There were two children of this marriage; the daughter Margaret (1764–1848) rejected in 1785 a proposal of marriage from William Drennan. She was a considerable heiress by her grandfather Agnew's will, but died unmarried. Her brother Edward (1765–1834) took the surname Agnew and inherited large estates around Kilwaughter. He attended Harrow school, and as Edward Jones Agnew entered TCD (17 January 1785) and graduated BA (November 1788). He represented Co. Antrim in the parliament of 1792–7, was a member of the Northern Whig club in Belfast, and on 7 May 1797 chaired a meeting of Co. Antrim freeholders which complained of government oppression and sought catholic enfranchisement. He wrote an account of his actions and emotions on 7 June 1798, when he rode with his relation Henry Shaw of Ballygally through rebel posts to Glenarm Castle to secure the release of the United Irish commander Robert Acheson (qv). On the following day he visited the encamped United Irishmen before the battle of Antrim, and possibly prevailed on Acheson to capitulate. He clearly sympathised with the ideals of the United Irishmen: he sheltered some of them in his house and helped them to escape to America, and he may have been the ‘Agnew of Larne’ listed by the informer Samuel Turner (qv) as a member of the United Irish national directory (PRO, HO 100/70, f. 341). He was described on a list of Co. Antrim grand jurors in 1797 as ‘disaffected’, but seems not to have suffered reprisals. His house at Kilwaughter, near Larne, Co. Antrim, was rebuilt before 1803 in an impressive castellated style to designs by John Nash of London. In 1819 he was a member of a group that revived the Irish Harp Society in Belfast, and at the time of his death from typhus (18 March 1834) he was overseer of the new Antrim coast road for the grand jury. He never married, but had a son and a daughter with Eleanor Gilbrath.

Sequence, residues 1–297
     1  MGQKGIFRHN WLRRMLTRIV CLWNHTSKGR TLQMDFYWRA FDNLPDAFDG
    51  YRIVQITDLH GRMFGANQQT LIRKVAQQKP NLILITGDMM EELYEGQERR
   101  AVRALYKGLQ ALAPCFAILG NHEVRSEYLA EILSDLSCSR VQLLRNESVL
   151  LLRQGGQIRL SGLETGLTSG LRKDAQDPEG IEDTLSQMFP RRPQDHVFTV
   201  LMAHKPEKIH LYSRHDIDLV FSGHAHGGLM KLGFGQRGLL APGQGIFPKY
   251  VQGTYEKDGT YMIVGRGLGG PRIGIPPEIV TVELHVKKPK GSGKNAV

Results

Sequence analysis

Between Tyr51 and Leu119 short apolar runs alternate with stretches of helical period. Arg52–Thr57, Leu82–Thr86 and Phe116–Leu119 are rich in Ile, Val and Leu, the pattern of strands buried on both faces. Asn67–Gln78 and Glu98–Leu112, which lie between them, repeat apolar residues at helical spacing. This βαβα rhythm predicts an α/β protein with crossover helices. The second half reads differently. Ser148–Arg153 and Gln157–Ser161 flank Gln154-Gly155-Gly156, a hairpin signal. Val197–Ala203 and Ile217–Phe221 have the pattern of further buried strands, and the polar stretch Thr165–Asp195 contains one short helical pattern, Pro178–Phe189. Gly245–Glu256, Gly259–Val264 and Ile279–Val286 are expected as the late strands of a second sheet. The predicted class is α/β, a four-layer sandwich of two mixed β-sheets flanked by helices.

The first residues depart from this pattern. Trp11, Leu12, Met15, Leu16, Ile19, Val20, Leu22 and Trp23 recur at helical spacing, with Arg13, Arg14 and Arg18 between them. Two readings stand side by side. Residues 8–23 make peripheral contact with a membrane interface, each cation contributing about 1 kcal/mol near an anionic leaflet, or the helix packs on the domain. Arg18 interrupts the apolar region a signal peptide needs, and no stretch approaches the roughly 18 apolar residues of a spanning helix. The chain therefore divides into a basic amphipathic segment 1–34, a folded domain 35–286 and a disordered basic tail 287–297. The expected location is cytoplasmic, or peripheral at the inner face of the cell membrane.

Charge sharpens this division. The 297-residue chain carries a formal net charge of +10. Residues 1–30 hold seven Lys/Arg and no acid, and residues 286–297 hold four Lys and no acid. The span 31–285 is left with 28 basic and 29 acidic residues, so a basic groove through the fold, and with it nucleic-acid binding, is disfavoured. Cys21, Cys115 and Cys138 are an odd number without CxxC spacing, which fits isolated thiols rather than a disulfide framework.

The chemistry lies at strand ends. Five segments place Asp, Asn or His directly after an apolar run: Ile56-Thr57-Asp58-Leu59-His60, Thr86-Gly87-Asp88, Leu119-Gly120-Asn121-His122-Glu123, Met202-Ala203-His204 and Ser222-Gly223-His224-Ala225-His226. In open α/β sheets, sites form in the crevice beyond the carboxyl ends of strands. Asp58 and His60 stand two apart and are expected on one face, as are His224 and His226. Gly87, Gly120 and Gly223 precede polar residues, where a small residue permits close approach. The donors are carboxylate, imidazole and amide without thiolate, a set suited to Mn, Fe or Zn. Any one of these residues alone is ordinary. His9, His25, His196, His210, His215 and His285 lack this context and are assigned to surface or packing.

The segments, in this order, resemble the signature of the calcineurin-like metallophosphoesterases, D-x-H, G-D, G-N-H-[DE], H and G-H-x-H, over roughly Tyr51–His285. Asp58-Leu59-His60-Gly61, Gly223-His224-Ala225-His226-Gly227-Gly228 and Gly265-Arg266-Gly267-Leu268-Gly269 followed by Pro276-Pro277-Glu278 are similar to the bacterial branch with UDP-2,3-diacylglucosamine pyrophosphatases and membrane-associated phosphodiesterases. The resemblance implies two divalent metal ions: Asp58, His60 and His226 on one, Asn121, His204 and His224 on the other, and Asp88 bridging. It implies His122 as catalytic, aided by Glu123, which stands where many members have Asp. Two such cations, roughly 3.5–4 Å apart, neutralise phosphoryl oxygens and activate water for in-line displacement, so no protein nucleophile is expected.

Edward Jones Agnew's half-brother Valentine Jones (1729?–1808) was an influential merchant in Barbados, where he lived for thirty-three years. He married Kitty Moore and had two daughters and a son, Valentine, who served as an officer in the British army in the American revolutionary war and became a major-general in the 62nd (Wiltshire) Regiment and commissary-general in the West Indies. In 1809, after years of proceedings in chancery and other courts, he was found guilty of fraud and peculation and imprisoned for three years in Newgate. The amount involved (over £87,000 in contemporary values and perhaps up to 10 million euro at c.2000) was said by the Newgate Calendar, which regarded the case as particularly significant, to be but a moiety of what he had in fact embezzled. The report of the commissioners of a military inquiry stated that ‘such a mass of public corruption . . . has probably never been equalled in the history of this country’ (quoted in Times, 19 May 1809). The case is still cited as a paradigm of a particular kind of conviction for fraud. In 1805, unknown to his dying grandfather, Jones was hidden for some time in the family house in Belfast. Many prominent people in the north of Ireland were related to or descended from the Joneses: for instance, William Reeves (qv) and Anthony Traill (qv).